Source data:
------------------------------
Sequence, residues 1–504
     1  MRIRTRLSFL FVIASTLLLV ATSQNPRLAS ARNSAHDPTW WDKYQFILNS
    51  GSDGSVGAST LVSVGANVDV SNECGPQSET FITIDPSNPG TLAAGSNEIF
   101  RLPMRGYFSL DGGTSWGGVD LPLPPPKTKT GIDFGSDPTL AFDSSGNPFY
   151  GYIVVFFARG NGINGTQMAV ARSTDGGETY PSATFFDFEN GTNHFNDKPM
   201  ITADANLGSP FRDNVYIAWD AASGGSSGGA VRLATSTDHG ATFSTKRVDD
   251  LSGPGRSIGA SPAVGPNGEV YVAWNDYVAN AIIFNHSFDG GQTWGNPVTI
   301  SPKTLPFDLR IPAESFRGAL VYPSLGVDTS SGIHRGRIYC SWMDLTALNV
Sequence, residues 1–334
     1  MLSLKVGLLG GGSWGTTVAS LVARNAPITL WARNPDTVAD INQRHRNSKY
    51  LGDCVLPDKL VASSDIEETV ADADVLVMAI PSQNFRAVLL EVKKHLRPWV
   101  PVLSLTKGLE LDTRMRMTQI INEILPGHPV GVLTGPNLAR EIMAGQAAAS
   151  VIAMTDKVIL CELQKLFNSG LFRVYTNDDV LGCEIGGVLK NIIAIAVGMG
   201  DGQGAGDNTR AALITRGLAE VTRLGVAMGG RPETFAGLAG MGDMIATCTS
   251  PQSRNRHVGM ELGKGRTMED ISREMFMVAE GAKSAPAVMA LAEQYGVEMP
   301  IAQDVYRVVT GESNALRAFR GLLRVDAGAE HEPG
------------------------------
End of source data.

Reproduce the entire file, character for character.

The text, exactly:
Sequence, residues 1–504
     1  MRIRTRLSFL FVIASTLLLV ATSQNPRLAS ARNSAHDPTW WDKYQFILNS
    51  GSDGSVGAST LVSVGANVDV SNECGPQSET FITIDPSNPG TLAAGSNEIF
   101  RLPMRGYFSL DGGTSWGGVD LPLPPPKTKT GIDFGSDPTL AFDSSGNPFY
   151  GYIVVFFARG NGINGTQMAV ARSTDGGETY PSATFFDFEN GTNHFNDKPM
   201  ITADANLGSP FRDNVYIAWD AASGGSSGGA VRLATSTDHG ATFSTKRVDD
   251  LSGPGRSIGA SPAVGPNGEV YVAWNDYVAN AIIFNHSFDG GQTWGNPVTI
   301  SPKTLPFDLR IPAESFRGAL VYPSLGVDTS SGIHRGRIYC SWMDLTALNV
Sequence, residues 1–334
     1  MLSLKVGLLG GGSWGTTVAS LVARNAPITL WARNPDTVAD INQRHRNSKY
    51  LGDCVLPDKL VASSDIEETV ADADVLVMAI PSQNFRAVLL EVKKHLRPWV
   101  PVLSLTKGLE LDTRMRMTQI INEILPGHPV GVLTGPNLAR EIMAGQAAAS
   151  VIAMTDKVIL CELQKLFNSG LFRVYTNDDV LGCEIGGVLK NIIAIAVGMG
   201  DGQGAGDNTR AALITRGLAE VTRLGVAMGG RPETFAGLAG MGDMIATCTS
   251  PQSRNRHVGM ELGKGRTMED ISREMFMVAE GAKSAPAVMA LAEQYGVEMP
   301  IAQDVYRVVT GESNALRAFR GLLRVDAGAE HEPG